Surely You Can't Be Syrious

08/30/2013 04:26 pm ET | Updated Oct 30, 2013

So apparently we're about to go bomb the shit out of another country, and this time the lucky lady is... Syria! Well, Syria, congratulations, you've made it onto the United States' naughty list. Now prepare to deal with the ramifications! And of course, by ramifications, I mean missiles and bombs. Just when all you thought we cared about was Miley Cyrus, twerking and Ben Affleck playing Batman, huh?! Well, those things would still be true.

Here's the case for military intervention in Syria as I understand it from it's proponents, like Bill Kristol, who has fought in a lot of wars himself and even correctly said the Iraq War in 2003 would only take two months and he was 100 percent correct about that because he's a military genius: Syria has been in a bloody, brutal civil war for the last two years, with a rebel contingent trying to oust their deadly president, Bashar al-Assad. It is the last sad remnants of an Arab Spring gone wrong, even after several Middle Eastern countries successfully toppled oppressive regimes in Tunisia, Egypt and Libya. Several other countries didn't fair so hot, like Bahrain and Syria. Come to think of it, Egypt and Libya didn't turn out so hot either. So I guess just Tunisia was hot and that's it.

Now even though I can't help but write with ridiculous connotations and whimsy, please know that seriously over 50,000 people have been killed in Syria since 2011. It's really bad. If you can't fathom that amount of people, it's like an entire football stadium of people being killed or all 5,000 of your Facebook friends being murdered times ten. And the killing is being done by both sides: the rebel forces have killed Assad supporters, and Assad, who originally escalated this whole thing by crushing the Arab Spring protests two years ago, used his military to grip onto power by any means necessary. His regime has killed a lot of people and journalists, and that's why civil wars always just generally suck.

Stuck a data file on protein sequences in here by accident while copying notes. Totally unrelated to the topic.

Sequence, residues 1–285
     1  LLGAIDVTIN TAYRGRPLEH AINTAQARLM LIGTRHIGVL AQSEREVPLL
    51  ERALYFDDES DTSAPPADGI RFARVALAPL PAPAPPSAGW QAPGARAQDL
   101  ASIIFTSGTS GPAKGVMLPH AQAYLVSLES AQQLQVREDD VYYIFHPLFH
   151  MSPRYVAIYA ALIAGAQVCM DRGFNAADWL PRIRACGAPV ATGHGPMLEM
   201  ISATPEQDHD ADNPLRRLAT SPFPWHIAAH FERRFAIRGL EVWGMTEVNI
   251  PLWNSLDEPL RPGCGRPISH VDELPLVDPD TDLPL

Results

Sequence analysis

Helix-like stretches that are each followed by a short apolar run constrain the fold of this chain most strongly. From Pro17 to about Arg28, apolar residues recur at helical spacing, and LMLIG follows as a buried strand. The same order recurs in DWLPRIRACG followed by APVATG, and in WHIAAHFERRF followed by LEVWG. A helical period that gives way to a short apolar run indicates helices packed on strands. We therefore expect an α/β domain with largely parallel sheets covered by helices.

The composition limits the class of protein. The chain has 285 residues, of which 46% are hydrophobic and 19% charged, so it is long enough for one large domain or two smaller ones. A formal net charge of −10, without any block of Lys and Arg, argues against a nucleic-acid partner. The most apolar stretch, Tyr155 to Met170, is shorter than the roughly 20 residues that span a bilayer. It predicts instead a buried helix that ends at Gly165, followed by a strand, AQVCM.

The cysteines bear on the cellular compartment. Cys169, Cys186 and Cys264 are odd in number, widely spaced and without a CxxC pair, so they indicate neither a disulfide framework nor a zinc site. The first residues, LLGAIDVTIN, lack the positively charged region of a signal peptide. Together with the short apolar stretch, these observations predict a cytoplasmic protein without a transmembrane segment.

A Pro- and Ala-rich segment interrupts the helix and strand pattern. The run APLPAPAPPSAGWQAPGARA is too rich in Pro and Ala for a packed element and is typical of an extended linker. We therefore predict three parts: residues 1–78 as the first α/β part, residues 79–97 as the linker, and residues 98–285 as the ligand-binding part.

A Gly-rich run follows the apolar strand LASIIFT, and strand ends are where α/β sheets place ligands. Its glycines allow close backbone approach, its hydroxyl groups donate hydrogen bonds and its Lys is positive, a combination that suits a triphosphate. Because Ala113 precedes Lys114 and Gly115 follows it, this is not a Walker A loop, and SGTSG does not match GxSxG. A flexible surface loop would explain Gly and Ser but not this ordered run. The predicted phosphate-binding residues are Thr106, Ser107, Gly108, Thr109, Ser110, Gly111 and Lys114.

So that brings us to now, when apparently Assad's regime has crossed President Obama's "red line" by using chemical weapons on innocent citizens the other week. Of course, keep in mind that 50,000 people have already been killed. If the United States truly exists on this planet to be the police of the world and stop all bad things before they start, or to take out bad guys who do bad things to innocent people, we're way fucking late to the party on this one. But it's a noble argument and I understand it in theory.

The logistical problem with this argument is that history is not on our side with this anymore. When the U.S. intervenes in a civil war in another country, shit tends to get messy. In fact, it always does. Vietnam was a civil war. Afghanistan in the 1980s was a civil war that ended up creating al-Qaeda. Iraq turned into a civil war between Sunni and Shi'ite Muslims. So why do we continue to run into places and pick sides, ultimately guaranteeing that at least one side will eventually hate us later?

That is why we've got to take heed of what the opponents of military intervention in Syria are saying. In Great Britain, the Parliament just rejected attacking Syria, because their government actually debates these kinds of things. In America, if Congress did debate these things -- like they're apparently supposed to do according to some document called "The Constitution" -- you can bet your sweet mittens there would be people on the right and left who are against bombing Syria. And there are plenty of people in the media who are saying it's a bad idea, too. Heck, here are 8 reasons not to bomb Syria from a magazine called Reason, which is pretty much like 9,073 reasons.

Even though the civil war in Syria is bad, messy, bloody and deadly, if we go in and try to pick one side and bomb the other, it's just going to get more bad, messy, bloody and deadly. And even if we propel one side to victory, and all the blood and death is worth it, there is no guarantee that the rebel forces, who are associated with al-Qaeda, are going to like us afterwards. Is that something we need right now?

Even if we want to help and do the right moral thing, the consequences of our military actions rarely come out how we intend. Please don't support this war. It's serious. It's really fucking serious. And don't call me Shirley.